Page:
As a writer I am curious about the answer too, because what I am really thinking is: what is going to make a person-- a stranger somewhere out in the world-- pick up MY book? -- especially when there are so many other books and entertainment options (in addition to books) competing for his or her attention.
|(example: Binge-watching a TV show |
as my husband and I are presently doing
with the compelling series House of Cards)
Yeah, I know. There is an entire industry built around the question of what makes a person buy/read a book.
I've learned quite a bit about marketing over the past few years as I attempted to promote my book Thin Space. I had a publishing house behind me doing their Thing. Stuff like designing a book cover and ensuring that the book made it into the hands of professional reviewers, setting up blog interviews and author tours, figuring out bookstore placement.
Not being an expert in marketing, but wanting to do everything I possibly could to help, I helped. But I never knew if what I was doing was working. I had a Throw the Spaghetti on the Wall and Let's See If It Sticks approach to marketing and promotion. If someone asked me to do something, 99% of the time (because of the lessons I learned from my writer friend Mike Mullin), I said Yes.
Interviews, guest blog posts, school and library visits, book festivals, bookstore signings? YES
TV and radio programs? Gulp. Okay. Yes.
Book tours? HELL YES.
Do some of this stuff for free? Um, yeah. okay.
Let us pay you? SURE
Did any of these translate into book sales? Yeah, but how many and which ones were most effective? Uh. No idea.
Or I guess I should say, Some idea. But it's not something you can control or count on. Someone likes the book and tells someone else. That's at the heart of it.
And the key seems to be if that Someone is in a position to tell MANY others. Example: a bookstore owner. A librarian who happens to be the president of a librarian association. A librarian who sits on a committee to choose books for a state's reading list.
It's Word of Mouth many times over and it all comes down to what makes a person pick up a book in the first place. What makes her READ it. Like it. Like it so much she wants to tell another person.
Which brings me back to my teetering stacks of books.
For the sake of analysis, here are the last few books I picked up and why I read them:
1. (Reading now) The Outlander, Diana Galbadon. Why? My book club chose it.
2. Perfectly Good White Boy, Carrie Mesrobian. Why? I read her book Sex & Violence and loved it. Plus, I was interviewing her for a group blog.
3. Gone Too Far, Natalie D. Richards. Why? Natalie is my friend and I loved her other book.
4. The Goldfinch, Donna Tartt. Why? Book club chose the book.
5. Behind the Scenes, Dahlia Adler. Why? I know the author from online interactions.
6. Kiss, Kill, Vanish, Jessica Martinez. Why? Did a joint book-talk/signing with the author.
7. The Walls Around Us, Nova Ren Suma. Why? I know the author, read and loved all of her other books.
8. The Living, Matt de la Pena. Why? The book is on the Florida Teens Read list and I heard the author speak at a conference.
9. Death, Dickinson, and the Demented Life of Frenchie Garcia, Jenny Torres Sanchez. Why? I knew I was going to meet the author at a book event.
10. Burning Blue, Paul Griffin. Why? The book is on the Florida Teens Read list and I knew I would meet the author at a conference.
11. The Killing Woods, Lucy Christopher. Why? Natalie Richards told me to read it.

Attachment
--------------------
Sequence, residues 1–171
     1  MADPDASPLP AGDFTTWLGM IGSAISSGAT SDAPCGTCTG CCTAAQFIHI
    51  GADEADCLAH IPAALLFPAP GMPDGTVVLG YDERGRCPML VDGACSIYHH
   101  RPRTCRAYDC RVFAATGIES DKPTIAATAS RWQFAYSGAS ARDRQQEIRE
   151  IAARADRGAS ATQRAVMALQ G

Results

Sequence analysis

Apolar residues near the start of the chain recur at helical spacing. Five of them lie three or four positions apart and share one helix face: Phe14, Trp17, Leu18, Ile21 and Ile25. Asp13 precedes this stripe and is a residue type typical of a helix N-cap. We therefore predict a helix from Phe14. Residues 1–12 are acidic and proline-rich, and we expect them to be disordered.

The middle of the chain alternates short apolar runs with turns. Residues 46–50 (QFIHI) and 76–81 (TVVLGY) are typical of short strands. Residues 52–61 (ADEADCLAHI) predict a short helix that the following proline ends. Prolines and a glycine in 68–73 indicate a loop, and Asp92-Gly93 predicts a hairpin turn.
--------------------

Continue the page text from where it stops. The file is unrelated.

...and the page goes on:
12. The Sociopath Next Door, Martha Stout. Why? Someone was tweeting about the book and it seemed like it would be interesting. (it was)
13. Wicked Lovely, Marissa Marr. Why? Another author suggested it because she thought it sounded like a comparable for a book I am working on. (it's not)
14. The Journey that Saved Curious George, Louis Borden. Why? Met the author at a conference and the book sounded interesting. (it was)
15. Ghosting, Edith Pattou. Why? The author is a new friend.
16. David and Goliath, Malcolm Gladwell. Why? The book was a gift from my brother, plus I've read several other books by the author.
17. The Likeness, Tana French. Why? I read the author's other books and liked them.
Hmm. So, some of this is "work-related." I know I am going to be on a panel with a particular author or I am going to meet him or her at an event.
Some is friend-related. Over the past few years I've gotten to know other authors-- writers who live in the area, writers I've met on the road, as well as writers I've interacted with online. I want to read their books, and I take their book suggestions seriously.
|(Books by Ohio authors featured at Cover to Cover Bookstore |
for a Support Local Writers' Display.
I've read many of these books
and the ones I haven't yet, are on my TBR list.)
The others on the list are books that are written by authors I've read before and/or books selected by my book club.
The only outlier is The Sociopath Next Door, which was a book I'd never heard of, by an author I'd never read, and suggested by a person I do not know, on social media.
The book was fascinating.
It's non-fiction, written by a psychiatrist who started noticing a pattern in her patients' experiences--many of whom had been hurt (sometimes had their lives ruined) by sociopaths. Turns out 1 in 25 people are sociopaths and they're not the people you'd expect. ie Ted Bundy, Charles Manson, but often a seemingly normal person-- who happens to lack a conscience. I could not put the book down and the idea of it-- that we might interact with and be manipulated by sociopaths without realizing what's happening, is truly creepy.
It's also made me look at House of Cards through a whole other lens.
Take it from me--writer, reader, blogger, friend-- pick it up and read it.
PS: What makes YOU pick up a book?